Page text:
Up to 10,000 customers of the hotel booking website Booking.com have been the victims of scammers using fraudulently obtained email addresses to steal thousands of pounds, the company has been forced to reveal.
An investigation by the BBC programme Money Box found that fraudsters accessed Booking.com reservations, enabling them to obtain contact details which they used to send customers demands for pre-payment. The security breach is believed to have affected customers in the UK, US, France, Italy, Portugal and the United Arab Emirates (UAE).
The company insisted it is not the victim of a data breach, but that criminals are obtaining customer details by sending messages to hotels to acquire guest details.
This is known as a phishing scam: when criminals acquire sensitive information such as usernames, passwords, and credit card details by sending emails masquerading as sent by trustworthy companies.
In this case scammers gained customers' emails – either from hacking into Booking.com or hotel security systems – and emailed customers to ask for upfront payments for hotel bookings they had made through the site.
Several customers told the BBC they had been targeted by the scammers, and in some cases had been duped into paying thousands of pounds.
Claire Coldwell from West Yorkshire told the BBC that she used had Booking.com to book hotel rooms for her and her colleagues who were attending a trade fair in London, and got an email purportedly from the Hilton Hotel she had a reservation with, asking for £3,000 in advance.
She told BBC News: "I got an email supposedly from Booking.com saying that because of the unusually high demand for those dates, the Hilton had taken the decision to ask for pre-payment in full for the whole week."
Coldwell then got an email supposedly from the Hilton with similar demands. "They had everything like the reservation number, names of guests and the logos looked accurate."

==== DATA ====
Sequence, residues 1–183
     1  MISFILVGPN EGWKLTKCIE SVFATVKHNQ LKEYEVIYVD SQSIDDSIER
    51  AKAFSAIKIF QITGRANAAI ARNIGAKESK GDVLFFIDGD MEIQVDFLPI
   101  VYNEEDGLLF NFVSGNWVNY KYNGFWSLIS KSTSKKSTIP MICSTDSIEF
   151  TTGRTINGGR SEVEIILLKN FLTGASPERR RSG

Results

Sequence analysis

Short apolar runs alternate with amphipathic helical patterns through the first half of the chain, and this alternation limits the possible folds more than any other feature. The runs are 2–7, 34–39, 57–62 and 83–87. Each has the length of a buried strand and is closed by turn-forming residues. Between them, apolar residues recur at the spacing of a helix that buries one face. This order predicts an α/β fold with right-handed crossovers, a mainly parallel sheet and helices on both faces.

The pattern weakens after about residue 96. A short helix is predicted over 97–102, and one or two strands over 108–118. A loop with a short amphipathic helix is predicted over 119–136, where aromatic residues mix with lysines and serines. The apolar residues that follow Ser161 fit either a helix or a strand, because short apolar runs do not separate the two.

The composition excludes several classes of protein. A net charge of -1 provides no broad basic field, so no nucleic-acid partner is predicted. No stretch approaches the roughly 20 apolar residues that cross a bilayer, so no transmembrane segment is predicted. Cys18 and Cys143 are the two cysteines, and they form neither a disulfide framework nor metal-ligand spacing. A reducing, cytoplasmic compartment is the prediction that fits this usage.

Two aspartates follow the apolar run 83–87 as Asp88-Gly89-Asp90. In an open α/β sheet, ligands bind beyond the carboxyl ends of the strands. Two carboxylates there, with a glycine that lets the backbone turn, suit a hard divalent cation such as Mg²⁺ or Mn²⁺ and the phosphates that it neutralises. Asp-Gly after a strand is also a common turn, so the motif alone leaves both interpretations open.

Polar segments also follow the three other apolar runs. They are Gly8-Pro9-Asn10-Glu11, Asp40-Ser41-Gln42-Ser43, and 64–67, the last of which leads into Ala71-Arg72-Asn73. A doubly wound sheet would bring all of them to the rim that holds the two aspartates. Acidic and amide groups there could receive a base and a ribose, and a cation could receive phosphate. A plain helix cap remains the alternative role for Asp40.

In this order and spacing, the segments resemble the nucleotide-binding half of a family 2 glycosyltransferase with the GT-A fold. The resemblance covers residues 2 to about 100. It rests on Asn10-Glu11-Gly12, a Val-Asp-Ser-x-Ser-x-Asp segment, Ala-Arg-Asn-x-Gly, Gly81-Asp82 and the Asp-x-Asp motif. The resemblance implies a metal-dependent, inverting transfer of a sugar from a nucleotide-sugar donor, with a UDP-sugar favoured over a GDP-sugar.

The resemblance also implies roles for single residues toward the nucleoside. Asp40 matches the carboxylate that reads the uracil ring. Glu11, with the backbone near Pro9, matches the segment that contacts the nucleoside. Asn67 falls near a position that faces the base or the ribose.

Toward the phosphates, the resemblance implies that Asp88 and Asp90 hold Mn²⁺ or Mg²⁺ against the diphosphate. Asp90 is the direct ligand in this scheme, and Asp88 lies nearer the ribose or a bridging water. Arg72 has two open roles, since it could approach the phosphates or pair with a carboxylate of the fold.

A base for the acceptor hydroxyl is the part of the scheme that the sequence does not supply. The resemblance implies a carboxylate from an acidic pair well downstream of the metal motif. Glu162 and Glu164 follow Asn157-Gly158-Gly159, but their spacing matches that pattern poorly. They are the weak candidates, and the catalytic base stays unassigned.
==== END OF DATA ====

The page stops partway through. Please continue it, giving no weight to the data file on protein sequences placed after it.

And Jane from Niagara Falls in Canada used Booking.com to reserve a room for a four-day stay in London. She received an email claiming to be from Booking.com, and told the BBC: "It looked very authentic. I fell for it. We paid approximately C$1,500 (£700)." She complained to Booking.com and it refunded her.
Peter Kornelisse, chief security officer at Booking.com, said it was working with hotels to make security improvements and notifying guests that it knew were affected by the phishing scams: "We estimate around 10,000 people are affected. We are protecting our customers, hotels and Booking.com continuously. We have a battle against organised crime. We've made technical improvements in several areas."
But Ramesh Siram, general manager of the Shoreditch Inn, London, said Booking.com was too slow to react to the security breach, and customer service agents were not aware of the problem.
However, Kornelisse insisted that Booking.com customers were informed "to a certain extent".
He added: "We can warn today about a specific scenario that takes place and the next moment we have a different scenario. We contacted all the guests who are affected by the phishing attacks and we took the burden of our guests."
A spokesperson for Hilton Worldwide added: "Our initial investigation has found this incident is not the result of a breach of Hilton systems or websites.
"We have asked Booking.com to ensure their investigation is thorough, and appropriate action is taken. Guests who have received suspicious emails should contact their booking provider immediately and not respond to these emails."
Booking.com, which is based in the Netherlands, says on its website that its customers book 700,000 room nights in more than 200 countries every day.